(Developing: Will be updated as warranted)
Almost 30 business, medical and social welfare groups covering the political spectrum are urging lawmakers to reject a bill discouraging vaccinations and limiting the state health secretary from mandating new innoculations.
The group on Monday sent a letter to lawmakers calling on them to scrap a bill that not only bars employers from requiring vaccines but also prohibits the state health secretary from requiring new vaccines for day care centers and schools.
The letter, with so many influentual and diverse groups, has the power to slow down momentum of a bill that whipped out of committee a week ago.
The coalition of 27 groups signing the letter includes the Kansas Chamber of Commerce as well as chambers of commerce in Lenexa, Olathe, Overland Park as well as the Greater Kansas City Chamber.
It also includes Kansas Action for Children, the Kansas Livestock Asociation, the Kansas Academy of Family Physicians, the Kansas Hospital Association, the Kansas Medical Society, the Kansas Restaurant Association and the Kansas Contractors Association.
The bill was sponsored by Republican state Sen. Mark Steffen of Hutchinson. He was not immediately available for comment early Monday afternoon.
Steffen’s bill doesn’t fine businesses for requiring vaccines. However, it would shield businesses from legal liability if an unvaccinated employee infects someone else.
It also would apply to a business’ decision to allow someone on their premises without a vaccination who might infect someone else.
The bill applies to vaccines in general, not just the COVID-19 innoculation.
The bill, the letter says, “takes away the freedom for private businesses to decide what is in the best interest of their patrons and employees.
“Employers have the right to protect their employees and customers and establish employee qualifications, which can include health and safety standards.
“In fact, employers in our state have an obligation to provide a safe workplace for their employees and the U.S. Equal Employment Opportunity Commission allows companies to require influenza and other vaccines,” the letter said.
The groups also take issue with the second part of the bill that would bar the state health secretary from requiring new vaccines for day care centers and schools.
The bill, instead, would turn those decisions over to the state Legislature.
Currently, those decisions are made by the state health secretary under state administrative regulations.
The bill would keep in place the current list of required vaccinations but would prevent the health secretary from adding new ones to the list, namely COVID-19.
A Republican state legislator said Kansas would be the first state in the country in which either the state health department or health secretary wouldn’t make the decision about vaccinations.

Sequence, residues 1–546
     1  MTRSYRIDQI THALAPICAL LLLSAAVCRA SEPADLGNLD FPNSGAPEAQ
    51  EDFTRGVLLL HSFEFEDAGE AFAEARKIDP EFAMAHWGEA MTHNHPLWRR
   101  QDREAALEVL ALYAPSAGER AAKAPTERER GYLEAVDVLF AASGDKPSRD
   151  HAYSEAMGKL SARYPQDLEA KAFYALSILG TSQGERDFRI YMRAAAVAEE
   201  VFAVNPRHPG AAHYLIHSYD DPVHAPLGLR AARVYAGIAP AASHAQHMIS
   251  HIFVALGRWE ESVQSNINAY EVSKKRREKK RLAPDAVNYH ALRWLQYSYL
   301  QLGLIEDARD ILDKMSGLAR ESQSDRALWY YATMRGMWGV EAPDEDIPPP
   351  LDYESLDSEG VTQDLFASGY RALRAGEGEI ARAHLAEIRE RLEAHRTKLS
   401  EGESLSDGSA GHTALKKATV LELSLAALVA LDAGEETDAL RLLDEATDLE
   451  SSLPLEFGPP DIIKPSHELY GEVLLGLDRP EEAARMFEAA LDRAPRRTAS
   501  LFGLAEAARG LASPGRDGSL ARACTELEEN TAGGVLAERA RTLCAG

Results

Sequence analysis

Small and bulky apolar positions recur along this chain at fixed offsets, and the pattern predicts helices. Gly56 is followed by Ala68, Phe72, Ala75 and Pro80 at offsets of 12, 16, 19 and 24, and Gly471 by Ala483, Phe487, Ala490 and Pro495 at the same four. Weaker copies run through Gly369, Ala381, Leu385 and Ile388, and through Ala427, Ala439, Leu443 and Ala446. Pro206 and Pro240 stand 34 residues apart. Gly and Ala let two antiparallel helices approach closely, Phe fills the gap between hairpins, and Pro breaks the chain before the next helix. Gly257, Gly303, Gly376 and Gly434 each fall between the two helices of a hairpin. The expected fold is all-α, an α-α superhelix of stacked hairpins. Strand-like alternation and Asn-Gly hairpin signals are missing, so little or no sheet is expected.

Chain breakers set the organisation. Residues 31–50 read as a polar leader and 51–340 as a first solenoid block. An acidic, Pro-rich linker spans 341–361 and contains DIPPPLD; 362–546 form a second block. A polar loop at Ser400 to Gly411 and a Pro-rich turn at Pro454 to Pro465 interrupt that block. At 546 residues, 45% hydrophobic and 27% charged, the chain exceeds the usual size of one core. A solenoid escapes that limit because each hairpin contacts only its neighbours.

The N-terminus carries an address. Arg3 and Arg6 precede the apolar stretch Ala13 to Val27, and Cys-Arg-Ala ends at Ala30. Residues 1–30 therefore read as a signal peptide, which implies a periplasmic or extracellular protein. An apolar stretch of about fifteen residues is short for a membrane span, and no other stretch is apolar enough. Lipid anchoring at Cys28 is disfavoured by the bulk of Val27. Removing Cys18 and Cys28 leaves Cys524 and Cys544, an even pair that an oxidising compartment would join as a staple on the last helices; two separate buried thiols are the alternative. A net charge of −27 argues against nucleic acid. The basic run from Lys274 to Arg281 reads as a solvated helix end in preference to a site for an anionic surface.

The groups say the bill “removes Kansas’ ability to respond in a timely manner to the best scientific recommendations for childhood and adolescent immunizations for preventable, communicable diseases.”
They say the current administrative process allows for quarterly review of evidence-based recommendations for changes in the vaccine schedule.
“Removing the (health secretary’s) authority to make necessary changes in the vaccine schedule…in favor of an unpredictable and seasonal legislative process could result in delays endangering the health of Kansas children.”
The state health secretary is advised by experts in the Kansas Immunization Program, which makes determinations of the annual list of required vaccines based on the national Advisory Committee on Immunization Practices, also known as ACIP.
The secretary of the U.S. Department of Health and Human Services selects the 15 members of the ACIP.
It is made up of 15 members who have experience in vaccinology, immunology, pediatrics, internal medicine, nursing, family medicine, virology, public health, infectious diseases and preventative medicine.
Supporters of the bill said the state is a “puppet” of the Centers for Disease Control and Prevention and the ACIP.
“They regurgitate what they are told to do by agencies who receive funding and
influence from pharma,” Connie Newcome, president of Kansans for Health Freedom told lawmakers in recent testimony.
“The egregious policy of forcing vaccines intramuscularly into healthy children for illnesses they would almost never have needs a thorough rethink,” she said.
The Kansas chapter of the American Academy of Pediatrics issued a separate statement opposing the legislation.
“Vaccines are safe and effective for preventing infectious disease,” the group said.
“Using a legislative process for determining school and daycare immunization requirements is highly unusual, and Kansas would be the only state in the country with this method.